Mr. Speaker, I imagine the Prime Minister is aware that the Criminal Code is a federal matter. I would imagine that, after 33 years, he must at least know that. I imagine he does. And I did not make any reference to an anti-gang law.

The Prime Minister tells us that the police forces have everything they need when, in fact, those who have everything they need to sit back and laugh in our faces are groups such as the Rock Machine and the Hell's Angels.

I again ask the Prime Minister: Because the Criminal Code is under federal jurisdiction, is he going to use the notwithstanding clause in the Charter of Rights and Freedoms to outlaw the Rock Machine and the Hell's Angels? The choice is clear. Is the Prime Minister going to protect the public, or the Rock Machine and Hell's Angels?

Organized CrimeOral Question Period

2:40 p.m.

Saint-Maurice Québec

Liberal

Jean Chrétien LiberalPrime Minister

Mr. Speaker, my response to the hon. member is that I myself have been Minister of Justice, and I am very proud to have been the one responsible for giving all Canadians a charter of rights and freedoms.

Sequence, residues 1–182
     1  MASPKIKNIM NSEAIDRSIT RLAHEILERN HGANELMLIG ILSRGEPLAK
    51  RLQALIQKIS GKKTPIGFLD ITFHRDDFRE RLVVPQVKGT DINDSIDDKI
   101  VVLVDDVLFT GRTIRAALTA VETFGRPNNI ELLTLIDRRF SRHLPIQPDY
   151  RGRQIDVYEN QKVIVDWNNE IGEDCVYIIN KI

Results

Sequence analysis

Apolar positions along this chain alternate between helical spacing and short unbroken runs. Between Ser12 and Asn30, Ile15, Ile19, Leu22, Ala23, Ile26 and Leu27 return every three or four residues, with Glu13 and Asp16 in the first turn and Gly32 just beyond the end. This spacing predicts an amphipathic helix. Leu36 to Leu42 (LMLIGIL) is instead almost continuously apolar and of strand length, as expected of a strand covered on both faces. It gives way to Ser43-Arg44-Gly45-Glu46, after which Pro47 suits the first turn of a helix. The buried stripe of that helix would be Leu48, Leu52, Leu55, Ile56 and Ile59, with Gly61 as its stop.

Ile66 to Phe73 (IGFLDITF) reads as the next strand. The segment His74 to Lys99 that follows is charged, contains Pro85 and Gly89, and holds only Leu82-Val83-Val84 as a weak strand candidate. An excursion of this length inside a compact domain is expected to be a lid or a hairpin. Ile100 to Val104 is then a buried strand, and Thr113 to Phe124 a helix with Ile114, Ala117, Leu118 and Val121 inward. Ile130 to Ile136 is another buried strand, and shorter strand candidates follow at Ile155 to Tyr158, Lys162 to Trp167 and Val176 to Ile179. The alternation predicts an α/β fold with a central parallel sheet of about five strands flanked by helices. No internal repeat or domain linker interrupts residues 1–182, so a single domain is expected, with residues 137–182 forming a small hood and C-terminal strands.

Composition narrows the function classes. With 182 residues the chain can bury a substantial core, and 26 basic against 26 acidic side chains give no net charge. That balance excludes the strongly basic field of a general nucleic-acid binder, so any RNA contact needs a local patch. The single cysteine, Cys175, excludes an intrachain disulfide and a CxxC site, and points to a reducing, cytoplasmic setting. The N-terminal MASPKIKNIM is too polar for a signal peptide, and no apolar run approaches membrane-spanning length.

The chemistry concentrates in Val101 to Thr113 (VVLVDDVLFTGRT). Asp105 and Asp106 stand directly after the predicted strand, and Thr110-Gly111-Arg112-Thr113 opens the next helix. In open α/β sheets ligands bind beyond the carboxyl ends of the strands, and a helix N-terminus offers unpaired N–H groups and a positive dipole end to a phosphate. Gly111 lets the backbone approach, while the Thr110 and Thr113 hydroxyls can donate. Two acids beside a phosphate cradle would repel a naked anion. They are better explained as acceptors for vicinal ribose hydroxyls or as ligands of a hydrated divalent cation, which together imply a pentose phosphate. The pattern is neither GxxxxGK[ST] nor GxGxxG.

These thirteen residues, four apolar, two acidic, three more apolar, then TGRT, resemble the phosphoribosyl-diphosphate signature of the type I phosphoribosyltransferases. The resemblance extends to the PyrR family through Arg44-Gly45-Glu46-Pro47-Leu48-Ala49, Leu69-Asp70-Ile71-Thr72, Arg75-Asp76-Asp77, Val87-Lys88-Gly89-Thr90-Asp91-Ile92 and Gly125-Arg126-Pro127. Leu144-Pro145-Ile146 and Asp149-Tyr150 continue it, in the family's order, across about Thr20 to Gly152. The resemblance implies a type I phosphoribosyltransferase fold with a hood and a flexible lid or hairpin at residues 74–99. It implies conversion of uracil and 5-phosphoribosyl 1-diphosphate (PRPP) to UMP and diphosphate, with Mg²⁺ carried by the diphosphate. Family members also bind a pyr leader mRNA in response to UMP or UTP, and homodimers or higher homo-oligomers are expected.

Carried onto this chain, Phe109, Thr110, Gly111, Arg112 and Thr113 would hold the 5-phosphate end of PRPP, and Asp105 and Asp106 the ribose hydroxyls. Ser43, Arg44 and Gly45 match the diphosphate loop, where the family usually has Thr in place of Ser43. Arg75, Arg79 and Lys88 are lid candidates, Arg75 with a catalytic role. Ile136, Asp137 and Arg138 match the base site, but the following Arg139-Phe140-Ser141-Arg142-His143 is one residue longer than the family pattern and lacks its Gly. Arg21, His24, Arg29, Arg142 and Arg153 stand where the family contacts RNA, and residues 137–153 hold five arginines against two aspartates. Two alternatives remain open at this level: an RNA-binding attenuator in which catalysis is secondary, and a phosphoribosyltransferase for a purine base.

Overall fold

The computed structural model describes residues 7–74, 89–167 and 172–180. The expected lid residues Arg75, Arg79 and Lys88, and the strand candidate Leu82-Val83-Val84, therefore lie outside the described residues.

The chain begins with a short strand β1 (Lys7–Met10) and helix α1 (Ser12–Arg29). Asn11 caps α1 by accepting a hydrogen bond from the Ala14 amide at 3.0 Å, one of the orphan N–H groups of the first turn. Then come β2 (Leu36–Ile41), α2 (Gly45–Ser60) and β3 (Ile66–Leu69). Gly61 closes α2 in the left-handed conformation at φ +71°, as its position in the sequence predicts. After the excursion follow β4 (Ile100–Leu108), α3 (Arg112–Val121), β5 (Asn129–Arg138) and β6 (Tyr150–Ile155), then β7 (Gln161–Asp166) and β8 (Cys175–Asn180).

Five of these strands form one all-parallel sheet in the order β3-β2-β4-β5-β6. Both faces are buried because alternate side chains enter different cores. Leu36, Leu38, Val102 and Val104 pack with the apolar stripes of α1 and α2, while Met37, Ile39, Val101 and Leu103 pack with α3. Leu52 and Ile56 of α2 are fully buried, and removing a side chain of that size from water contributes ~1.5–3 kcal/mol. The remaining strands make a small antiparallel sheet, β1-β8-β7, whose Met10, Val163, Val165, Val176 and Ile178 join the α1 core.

I take great pride in saying that, before making any changes to the Criminal Code, any good federal minister of justice consults and listens to those with the responsibility, such as the provincial attorneys-general and ministers responsible for police forces.

Even though the Quebec authorities are saying that they do not need an anti-gang law to deal with the problem, that what is required is proper co-ordination between the various levels of government, the various jurisdictions, the would-be leader of the Bloc Quebecois is now asking me, a respecter of the Constitution, to become a big bad centralizer.

EmploymentOral Question Period

2:40 p.m.

Reform

Monte Solberg Reform Medicine Hat, AB

Mr. Speaker, taxes, taxes, taxes kill jobs, jobs, jobs, but the government has ignored the blindingly obvious and forever has trotted out all kinds of job creation schemes like the infrastructure program, job training programs, money for its wealthy friends at Bombardier, and none of it has worked. We have had 77 months in a row of unemployment at a rate of over 9 per cent, the worst job creation record since the Great Depression.